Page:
... to free myself from the chains of the merely personal, from an existence dominated by wishes, hopes and primitive feelings. Out yonder there was this huge world, which exists independently of us human beings and which stands before us like a great, eternal riddle, at least partially accessible to our inspection and thinking. The contemplation of this world beckoned as a liberation and I soon noticed that many a man whom I had learned to esteem and to admire had found inner freedom and security in its pursuit.

- Albert Einstein

Visual Astronomy

Stargazing - La Montagne, France (2013)

Amateur astronomy has many faces. Anyone with an interest in theoretical astronomy, anyone observing or practicing astrophotography, anyone devouring astronomy books can rightfully consider him or herself an astronomer.

My interest is primarily visual astronomy. In practice, the number and variety of objects observable is endlessly greater than it is photographically. I prefer astronomy over astrophotography - the view in an eyepiece over a mesmerizing deep sky portrait. I am thrilled by the science and philosophy behind it. There is an endless "wow-factor" to this hobby. A continuous sense of scientific exploration or, as put so adequately in Timothy Ferris' Seeing in the Dark:

There's so many stars in the sky that professional astronomers can't look at them all. So chances are when I'm looking at a star, I'm the only one on earth looking at that star at that moment in time. Knowing it's my data in my star in a sort of a possessive feeling of being in the right place at the right time, and being the only person on earth paying attention, right now, to that star.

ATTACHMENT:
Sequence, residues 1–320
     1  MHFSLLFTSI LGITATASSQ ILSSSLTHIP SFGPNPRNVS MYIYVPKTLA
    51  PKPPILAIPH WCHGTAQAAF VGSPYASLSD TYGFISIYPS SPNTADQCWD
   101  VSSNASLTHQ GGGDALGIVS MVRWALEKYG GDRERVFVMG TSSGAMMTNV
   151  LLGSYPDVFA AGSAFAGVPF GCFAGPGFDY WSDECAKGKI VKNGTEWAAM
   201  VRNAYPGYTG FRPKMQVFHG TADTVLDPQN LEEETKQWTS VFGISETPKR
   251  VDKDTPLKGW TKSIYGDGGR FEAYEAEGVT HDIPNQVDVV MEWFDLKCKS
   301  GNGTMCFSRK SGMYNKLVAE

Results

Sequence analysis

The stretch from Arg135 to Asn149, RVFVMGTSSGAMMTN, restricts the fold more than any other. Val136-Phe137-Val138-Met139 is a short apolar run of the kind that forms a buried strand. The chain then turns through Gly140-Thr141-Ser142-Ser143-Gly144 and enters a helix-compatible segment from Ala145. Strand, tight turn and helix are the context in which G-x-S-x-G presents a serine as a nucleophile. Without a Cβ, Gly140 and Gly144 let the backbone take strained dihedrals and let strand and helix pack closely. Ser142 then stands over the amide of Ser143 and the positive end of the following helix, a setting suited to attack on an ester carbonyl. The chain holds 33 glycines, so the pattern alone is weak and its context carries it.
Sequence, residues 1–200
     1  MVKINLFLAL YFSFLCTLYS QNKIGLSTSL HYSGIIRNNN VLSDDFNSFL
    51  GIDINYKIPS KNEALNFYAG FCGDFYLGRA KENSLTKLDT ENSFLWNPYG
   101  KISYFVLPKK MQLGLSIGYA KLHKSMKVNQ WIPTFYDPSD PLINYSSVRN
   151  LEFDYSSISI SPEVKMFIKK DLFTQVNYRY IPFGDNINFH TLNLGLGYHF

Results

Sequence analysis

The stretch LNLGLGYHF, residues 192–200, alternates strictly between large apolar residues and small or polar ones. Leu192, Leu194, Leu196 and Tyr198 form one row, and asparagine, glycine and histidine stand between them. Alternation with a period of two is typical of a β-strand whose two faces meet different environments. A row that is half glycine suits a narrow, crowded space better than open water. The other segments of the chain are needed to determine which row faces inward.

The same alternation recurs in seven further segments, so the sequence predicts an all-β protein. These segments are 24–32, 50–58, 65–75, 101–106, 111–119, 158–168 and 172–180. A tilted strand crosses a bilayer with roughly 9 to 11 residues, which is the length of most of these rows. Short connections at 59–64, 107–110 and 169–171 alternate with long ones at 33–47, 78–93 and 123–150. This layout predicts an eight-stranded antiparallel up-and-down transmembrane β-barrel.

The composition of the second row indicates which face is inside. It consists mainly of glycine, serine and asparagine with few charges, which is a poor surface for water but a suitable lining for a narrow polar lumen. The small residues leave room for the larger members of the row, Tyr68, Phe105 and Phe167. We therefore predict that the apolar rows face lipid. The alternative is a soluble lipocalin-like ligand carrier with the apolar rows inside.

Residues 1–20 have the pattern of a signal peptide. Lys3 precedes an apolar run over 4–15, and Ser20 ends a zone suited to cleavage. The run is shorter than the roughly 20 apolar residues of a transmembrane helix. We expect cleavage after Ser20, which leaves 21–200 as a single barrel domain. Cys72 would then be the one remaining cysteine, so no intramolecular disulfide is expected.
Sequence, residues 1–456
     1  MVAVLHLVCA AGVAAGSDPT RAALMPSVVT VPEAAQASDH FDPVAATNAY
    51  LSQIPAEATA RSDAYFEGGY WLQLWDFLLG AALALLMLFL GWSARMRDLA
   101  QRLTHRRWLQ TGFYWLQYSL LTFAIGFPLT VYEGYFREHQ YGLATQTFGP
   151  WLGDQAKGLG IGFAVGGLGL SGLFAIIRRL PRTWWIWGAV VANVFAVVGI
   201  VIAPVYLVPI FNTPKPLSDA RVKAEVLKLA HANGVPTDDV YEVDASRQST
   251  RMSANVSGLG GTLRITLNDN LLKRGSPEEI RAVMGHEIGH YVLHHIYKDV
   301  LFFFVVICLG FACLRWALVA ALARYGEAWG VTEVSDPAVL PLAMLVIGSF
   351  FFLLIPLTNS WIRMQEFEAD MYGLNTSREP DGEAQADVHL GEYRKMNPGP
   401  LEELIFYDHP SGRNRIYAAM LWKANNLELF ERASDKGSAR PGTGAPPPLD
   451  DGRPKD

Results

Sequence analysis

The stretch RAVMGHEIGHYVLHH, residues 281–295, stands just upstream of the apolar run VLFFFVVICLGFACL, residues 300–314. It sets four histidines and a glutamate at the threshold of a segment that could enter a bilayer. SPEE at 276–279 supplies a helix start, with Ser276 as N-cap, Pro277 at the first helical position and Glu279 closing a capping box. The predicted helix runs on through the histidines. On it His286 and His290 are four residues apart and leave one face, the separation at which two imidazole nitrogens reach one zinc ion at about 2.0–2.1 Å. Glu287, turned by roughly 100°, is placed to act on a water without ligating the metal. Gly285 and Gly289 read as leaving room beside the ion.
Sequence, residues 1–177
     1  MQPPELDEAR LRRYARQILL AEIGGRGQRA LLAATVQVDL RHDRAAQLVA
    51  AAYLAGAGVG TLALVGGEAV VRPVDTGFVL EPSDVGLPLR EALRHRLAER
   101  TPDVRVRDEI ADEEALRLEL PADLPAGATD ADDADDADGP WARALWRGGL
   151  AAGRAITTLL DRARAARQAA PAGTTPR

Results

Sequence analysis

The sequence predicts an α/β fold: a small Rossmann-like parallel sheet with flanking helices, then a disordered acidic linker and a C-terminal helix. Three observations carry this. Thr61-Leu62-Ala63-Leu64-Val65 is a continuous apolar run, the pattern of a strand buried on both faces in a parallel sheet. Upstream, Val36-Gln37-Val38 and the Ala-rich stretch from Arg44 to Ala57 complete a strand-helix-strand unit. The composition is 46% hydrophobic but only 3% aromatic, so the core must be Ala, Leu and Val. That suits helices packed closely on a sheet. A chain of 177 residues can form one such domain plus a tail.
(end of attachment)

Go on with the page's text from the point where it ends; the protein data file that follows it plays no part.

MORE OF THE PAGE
It's pretty dang cool.

While I do not pursue any goals when observing, nor observe only along the beaten path of well known list, I do strive to always target objects I did not observe before. This dedicated, constellation sweeping approach was a major factor in the creation of CSOG.

Observing Career

Like so many, my first telescope was a small plastic refractor. Magnified images of the Moon sparked my interest. An interest that was to slumber for another ten years. It was not until the year 2000 when, with my curiosity renewed, I purchased a decent telescope. After independently discovering the planet Saturn, I was hooked.

One by one the sky revealed its treasures. It seemed as if an entire hemisphere was waiting to be explored. I spent a great many nights under dark skies near Tucson, Arizona. Observing a few objects, only to find out there were many more. The sky was mine to conquer.

17 years later my astronomy endeavours have taken me from France to South-Africa. Almost 10000 Observations logged for almost 7500 unique objects since the year 2007. Still, I feel like only having scratched the surface.